With a mighty thrust of his muscled right arm, Dylan Armstrong of Kamloops has become the first Canadian in history to win a medal in a throwing event at the IAAF world track and field championships.
Armstrong, 30, won a silver medal in the shot put in Daegu, South Korea, on Friday, leading the event until its second-last throw. That's when 21-year-old David Storl of Germany stepped into the throwing circle and took away the gold.
Storl won with a throw of 21.78 metres, slightly better than the 21.64m Armstrong had uncorked in the fourth of six rounds. Storl had thrown a personal best of 21.50m in qualifying on Wednesday.
"There was a lot of pressure this year to try and get my country a medal," Armstrong told reporters on an Athletics Canada conference call. "I think I handled it really well and used it as much as I can to train harder and have that drive coming in here.
"It just shows with a lot of hard work and a lot of support, especially being in the community that I'm from, Kamloops, it's totally awesome. I'm just so happy to bring back my community a medal."
Armstrong, whose mother Judy and sister Linda surprised him by flying into Daegu from Kamloops, was second after the first round and slid to third after two rounds as Storl moved into the lead for the first time. However, Armstrong, the No. 1-ranked shot putter in the world, threw 21.64m in the fourth round to take the lead. It held up until Storl took it away with the second-last throw of the event.
Storl, who is from Rochlitz, was the 2008 world junior champion. He finished 15th at the 2009 IAAF world championships in Berlin, then, in his first full season on the senior circuit, wound up seventh at the 2010 world indoor championships in Doha, Qatar.
"A big congratulations to David Storl," Armstrong told CBC Sports. "He's the future of shot putting for the next 10 years or more."
Armstrong still has the longest throw in the world this year, having set a Canadian record with a heave of 22.21m at the Canadian championships in Calgary in June. But by yesterday's sixth round, the heat and humidity had taken a toll and he just couldn't muster one more mighty throw. In fact, he fouled on his final attempt.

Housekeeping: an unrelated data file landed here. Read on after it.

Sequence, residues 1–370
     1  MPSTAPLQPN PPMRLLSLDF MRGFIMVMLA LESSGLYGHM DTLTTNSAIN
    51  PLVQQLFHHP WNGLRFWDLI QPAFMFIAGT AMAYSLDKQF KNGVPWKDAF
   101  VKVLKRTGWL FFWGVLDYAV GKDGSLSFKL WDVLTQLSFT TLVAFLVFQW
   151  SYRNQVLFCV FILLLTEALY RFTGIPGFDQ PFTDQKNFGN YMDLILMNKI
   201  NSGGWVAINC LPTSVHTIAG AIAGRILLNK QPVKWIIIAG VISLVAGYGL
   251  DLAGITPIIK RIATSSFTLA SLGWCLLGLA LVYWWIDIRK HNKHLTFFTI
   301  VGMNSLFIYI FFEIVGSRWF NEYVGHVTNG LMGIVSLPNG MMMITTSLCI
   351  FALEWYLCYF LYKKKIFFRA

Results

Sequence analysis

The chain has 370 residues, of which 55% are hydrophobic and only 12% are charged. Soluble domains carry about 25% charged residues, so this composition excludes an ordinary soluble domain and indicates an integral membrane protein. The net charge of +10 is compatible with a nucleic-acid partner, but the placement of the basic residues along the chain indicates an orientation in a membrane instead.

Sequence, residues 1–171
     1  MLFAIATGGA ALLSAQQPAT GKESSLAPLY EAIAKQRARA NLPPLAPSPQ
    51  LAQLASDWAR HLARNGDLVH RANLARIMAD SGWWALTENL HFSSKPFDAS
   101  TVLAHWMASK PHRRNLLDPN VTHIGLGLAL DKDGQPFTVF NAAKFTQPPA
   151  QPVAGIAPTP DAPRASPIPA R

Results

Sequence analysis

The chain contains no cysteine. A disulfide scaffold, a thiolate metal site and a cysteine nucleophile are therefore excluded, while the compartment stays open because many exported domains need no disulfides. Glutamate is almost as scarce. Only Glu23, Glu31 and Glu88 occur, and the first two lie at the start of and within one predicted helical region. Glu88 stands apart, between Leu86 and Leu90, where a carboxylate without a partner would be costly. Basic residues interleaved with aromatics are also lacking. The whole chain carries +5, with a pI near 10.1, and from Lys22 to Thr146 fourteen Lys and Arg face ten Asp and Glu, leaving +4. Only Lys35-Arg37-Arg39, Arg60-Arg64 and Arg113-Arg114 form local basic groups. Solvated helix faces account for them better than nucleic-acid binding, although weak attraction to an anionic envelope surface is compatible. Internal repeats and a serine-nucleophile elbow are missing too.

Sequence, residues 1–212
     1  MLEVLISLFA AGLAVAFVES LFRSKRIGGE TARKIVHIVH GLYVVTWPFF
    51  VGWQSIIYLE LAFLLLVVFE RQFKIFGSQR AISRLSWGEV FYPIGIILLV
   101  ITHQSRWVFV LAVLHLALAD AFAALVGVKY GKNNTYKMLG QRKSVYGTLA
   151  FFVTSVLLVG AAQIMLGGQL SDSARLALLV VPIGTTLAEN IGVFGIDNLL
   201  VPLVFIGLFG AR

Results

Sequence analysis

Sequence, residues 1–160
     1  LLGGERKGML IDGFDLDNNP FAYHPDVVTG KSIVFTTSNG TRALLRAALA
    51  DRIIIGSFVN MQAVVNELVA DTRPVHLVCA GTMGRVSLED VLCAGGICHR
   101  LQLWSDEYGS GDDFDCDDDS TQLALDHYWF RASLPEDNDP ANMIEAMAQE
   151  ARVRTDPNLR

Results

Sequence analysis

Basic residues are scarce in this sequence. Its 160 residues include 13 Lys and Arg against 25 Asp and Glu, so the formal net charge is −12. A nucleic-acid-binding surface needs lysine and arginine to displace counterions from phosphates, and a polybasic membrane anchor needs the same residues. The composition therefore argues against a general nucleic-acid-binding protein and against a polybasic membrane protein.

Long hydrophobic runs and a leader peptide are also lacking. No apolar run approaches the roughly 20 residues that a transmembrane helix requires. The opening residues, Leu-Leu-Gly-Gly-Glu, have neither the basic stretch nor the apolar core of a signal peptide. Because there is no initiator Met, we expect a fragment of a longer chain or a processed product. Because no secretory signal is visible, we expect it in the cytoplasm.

"I was definitely gassed by that point," Armstrong told the conference call. "I would have liked to have thrown a little bit further, but (the humidity) and heat kind of stopped me.
"But it's awesome. I'm on the podium and that's all that matters."
Armstrong now has Canada's lone medal of these championships, which conclude on Sunday.
"It's awesome, it was an amazing night tonight," he said. "I'm very, very pleased to get on the podium. A medal's a medal. It was obviously a very tight competition, but a very great competition. It was a great feeling. I've trained really, really hard for this and I'm definitely happy. It sets me up for next year going into London (and the 2012 Olympic Summer Games)."
As always, Armstrong was quick to credit his coach, the internationally renowned Dr. Anatoliy Bondarchuk, who heads up the National Throws Centre in Kamloops.
"I've gotta just keep doing what I've been doing, listening to my coach," Armstrong said. "Obviously without him, I wouldn't have been on the podium. He's the main force behind everything.
"He's an absolute genius. He's very smart in how he does his periodization and his programming. With his years (of) expertise and study, he's one of a kind. Athletics Canada hired him six and a half years ago and now he put me on the podium. It really shows what he can do."
And now Armstrong will begin looking ahead to London. He came within one centimetre of winning a bronze medal at the 2008 Summer Games in Beijing. No Canadian has ever won a throws medal at an Olympic Games.
Having come so close in Beijing and now having reached the podium at the world championships, Armstrong's confidence is high.
"It just gives you that extra boost and that confidence going into next year knowing you can win and get on the podium," he said.
Armstrong, who leads the Diamond League shot put standings, won US$40,000 for his second-place finish in Daegu. Should he win the Diamond League title, he will put another $40,000 in his jeans and take home a trophy said to be worth at least that much.
There is, then, no rest for Armstrong.
He was expecting to hold a training session this morning at 9 o'clock Daegu time, because his season is hardly over.
There are at least four competitions left, including a Diamond League meet in Zurich on Thursday. Armstrong also is scheduled to appear in Berlin on Sept. 11 and Zagreb on Sept. 13, before the Diamond League wraps up in Brussels on Sept. 16.
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